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Two people hold hands through prison bars, a concept of restorative justice.
Photo by bunroong on Depositphotos

In the last two decades, the practice of restorative justice — which, in the United States, has its roots in Indigneous peacemaking practices — has grown rapidly as a tool for resolving lower-level offenses and some violent felonies.

Restorative justice often entails meetings between the person who was harmed and the person who caused the harm. The two parties discuss how to address each other’s needs after a crime. 

Rather than being hurried to the back of the courtroom and asked to stay out of the way, victims and their families are given a voice in their cry for justice. Offenders are also educated to understand the impact of their crime, which helps us put a face on the victims of our actions. With restorative justice, more attention is placed on victims, where it should be. 

But many crimes impact people beyond the immediate victim. One example of this is the family of the person who committed the crime. When we are arrested for our crime, our family is often overlooked, taken for granted and expected to stand beside us. But consider what it’s like to have a family member in prison. 

Francisco Palomino, who is serving 23 years in Mule Creek State Prison, in California, reflected on his family’s response to his incarceration. 

“After my dad passed away, and my brother and I went to prison, it devastated my mom. She felt like she had three deaths in her family,” Palomino said. “My brother and sister were left to answer questions and make excuses for what I did. Mom was disappointed and confused. She couldn’t understand what I was thinking and had a hard time accepting what I did.”

If we are blessed enough to have a loving family who is willing to stand behind us, we owe it to them to acknowledge the sacrifices they make for us, to count the sleepless nights they endure and to recognize the unfair guilt they experience on our behalf. They need restorative justice too.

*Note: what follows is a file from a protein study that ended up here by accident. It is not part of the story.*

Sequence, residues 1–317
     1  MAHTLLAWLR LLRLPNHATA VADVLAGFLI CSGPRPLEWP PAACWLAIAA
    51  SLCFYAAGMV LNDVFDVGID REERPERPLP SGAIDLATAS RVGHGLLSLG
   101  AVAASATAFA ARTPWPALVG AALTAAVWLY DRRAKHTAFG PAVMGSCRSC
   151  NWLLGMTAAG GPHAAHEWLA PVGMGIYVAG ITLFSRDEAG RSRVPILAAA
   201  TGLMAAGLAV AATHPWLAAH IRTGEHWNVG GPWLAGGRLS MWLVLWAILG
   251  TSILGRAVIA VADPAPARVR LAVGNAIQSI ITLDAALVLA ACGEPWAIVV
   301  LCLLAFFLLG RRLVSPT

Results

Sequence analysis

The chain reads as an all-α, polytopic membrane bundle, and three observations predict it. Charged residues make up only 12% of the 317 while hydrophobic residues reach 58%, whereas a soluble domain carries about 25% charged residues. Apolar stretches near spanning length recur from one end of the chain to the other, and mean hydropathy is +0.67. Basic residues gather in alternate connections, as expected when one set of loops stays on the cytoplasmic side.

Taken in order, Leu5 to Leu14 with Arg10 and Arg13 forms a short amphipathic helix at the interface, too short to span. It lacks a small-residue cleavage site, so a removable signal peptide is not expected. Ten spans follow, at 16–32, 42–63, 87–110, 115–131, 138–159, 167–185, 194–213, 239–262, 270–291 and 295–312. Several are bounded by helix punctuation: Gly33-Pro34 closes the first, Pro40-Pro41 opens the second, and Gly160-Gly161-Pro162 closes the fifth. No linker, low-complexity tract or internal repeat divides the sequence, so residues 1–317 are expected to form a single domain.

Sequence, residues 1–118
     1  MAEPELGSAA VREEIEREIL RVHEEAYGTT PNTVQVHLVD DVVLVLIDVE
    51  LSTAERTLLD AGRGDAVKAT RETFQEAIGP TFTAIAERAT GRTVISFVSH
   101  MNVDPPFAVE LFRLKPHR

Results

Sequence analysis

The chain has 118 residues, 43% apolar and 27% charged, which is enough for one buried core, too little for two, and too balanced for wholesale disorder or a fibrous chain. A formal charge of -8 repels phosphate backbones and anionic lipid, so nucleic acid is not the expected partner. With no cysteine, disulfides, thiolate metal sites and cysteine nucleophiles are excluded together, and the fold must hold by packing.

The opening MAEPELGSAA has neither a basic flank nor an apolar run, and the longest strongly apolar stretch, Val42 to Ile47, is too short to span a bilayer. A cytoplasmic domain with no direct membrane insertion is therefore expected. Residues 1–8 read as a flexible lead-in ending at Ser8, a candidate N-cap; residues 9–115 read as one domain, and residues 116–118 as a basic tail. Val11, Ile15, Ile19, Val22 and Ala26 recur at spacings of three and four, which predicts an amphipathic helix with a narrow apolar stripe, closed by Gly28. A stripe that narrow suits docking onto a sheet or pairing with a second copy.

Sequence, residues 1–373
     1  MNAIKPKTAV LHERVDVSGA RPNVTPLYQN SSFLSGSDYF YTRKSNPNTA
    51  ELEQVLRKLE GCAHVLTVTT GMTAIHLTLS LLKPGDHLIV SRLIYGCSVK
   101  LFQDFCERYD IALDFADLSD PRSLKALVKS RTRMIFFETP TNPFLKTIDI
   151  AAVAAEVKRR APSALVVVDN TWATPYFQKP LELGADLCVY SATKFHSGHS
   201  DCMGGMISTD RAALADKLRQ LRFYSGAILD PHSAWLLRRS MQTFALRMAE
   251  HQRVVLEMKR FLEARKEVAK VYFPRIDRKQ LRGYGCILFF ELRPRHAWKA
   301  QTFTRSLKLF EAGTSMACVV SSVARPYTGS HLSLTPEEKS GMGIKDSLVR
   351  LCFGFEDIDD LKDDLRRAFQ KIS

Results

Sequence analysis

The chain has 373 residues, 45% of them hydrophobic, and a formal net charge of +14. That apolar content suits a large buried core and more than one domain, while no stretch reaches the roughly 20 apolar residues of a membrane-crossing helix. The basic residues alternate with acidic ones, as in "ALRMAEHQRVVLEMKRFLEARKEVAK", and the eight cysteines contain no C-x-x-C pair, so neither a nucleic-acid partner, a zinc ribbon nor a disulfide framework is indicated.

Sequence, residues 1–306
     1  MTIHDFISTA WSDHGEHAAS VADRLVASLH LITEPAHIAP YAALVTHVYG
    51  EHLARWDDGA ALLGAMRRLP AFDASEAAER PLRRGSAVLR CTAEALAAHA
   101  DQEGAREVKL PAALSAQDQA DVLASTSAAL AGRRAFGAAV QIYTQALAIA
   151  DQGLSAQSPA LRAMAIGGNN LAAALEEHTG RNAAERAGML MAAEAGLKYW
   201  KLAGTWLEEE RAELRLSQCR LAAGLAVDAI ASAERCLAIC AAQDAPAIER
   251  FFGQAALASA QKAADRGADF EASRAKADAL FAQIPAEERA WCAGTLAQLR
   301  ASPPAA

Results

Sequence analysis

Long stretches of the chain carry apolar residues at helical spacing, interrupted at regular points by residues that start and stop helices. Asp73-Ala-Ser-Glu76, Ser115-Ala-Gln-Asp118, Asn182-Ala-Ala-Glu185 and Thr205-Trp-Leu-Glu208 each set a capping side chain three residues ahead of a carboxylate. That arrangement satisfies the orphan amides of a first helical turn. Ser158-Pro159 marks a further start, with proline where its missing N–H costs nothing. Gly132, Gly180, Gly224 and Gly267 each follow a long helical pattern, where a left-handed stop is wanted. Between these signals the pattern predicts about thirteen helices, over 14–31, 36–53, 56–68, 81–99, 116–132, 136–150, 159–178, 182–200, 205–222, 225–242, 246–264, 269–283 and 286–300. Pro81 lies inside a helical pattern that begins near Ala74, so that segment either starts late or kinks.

Even as society offers us little empathy due to our senseless acts of violence, it is up to us to provide our families comfort for the grief we have caused them. We must provide them with answers to their unspoken questions and give them confidence that we will fix what we have broken. 

No doubt, we have spilled much ink over the years trying to find the right words to tell loved ones how sorry we are. But perhaps the best way to say sorry is through our personal accomplishments — that is, growing beyond the people we were when we committed our crimes. We must be accountable for our actions and accept full responsibility for our conduct. 

It might hurt to think of our family as our victims too. But the sooner we come to terms with what we put them through, the sooner we can all heal and move forward together, toward a healthier life. 

(Additional reporting by PJP)

Disclaimer: The views in this article are those of the author. Prison Journalism Project has verified the writer’s identity and basic facts such as the names of institutions mentioned.

Ricky A. Ortega is a writer for the The Mule Creek Post, a newspaper published out of Mule Creek State Prison in California, where he is incarcerated.